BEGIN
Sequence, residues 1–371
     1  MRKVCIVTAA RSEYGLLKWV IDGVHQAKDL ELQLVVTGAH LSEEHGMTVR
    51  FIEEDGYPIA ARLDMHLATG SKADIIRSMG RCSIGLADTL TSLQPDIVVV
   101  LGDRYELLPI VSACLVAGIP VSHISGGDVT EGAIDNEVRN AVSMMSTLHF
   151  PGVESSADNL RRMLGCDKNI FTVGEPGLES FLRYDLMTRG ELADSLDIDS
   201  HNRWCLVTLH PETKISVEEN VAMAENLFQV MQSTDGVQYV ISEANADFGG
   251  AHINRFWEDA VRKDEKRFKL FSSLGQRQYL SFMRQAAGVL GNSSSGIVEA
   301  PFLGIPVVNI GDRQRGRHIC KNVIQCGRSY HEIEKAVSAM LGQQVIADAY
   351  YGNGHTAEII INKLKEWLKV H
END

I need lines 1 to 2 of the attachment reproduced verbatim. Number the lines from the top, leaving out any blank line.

Sequence, residues 1–371
     1  MRKVCIVTAA RSEYGLLKWV IDGVHQAKDL ELQLVVTGAH LSEEHGMTVR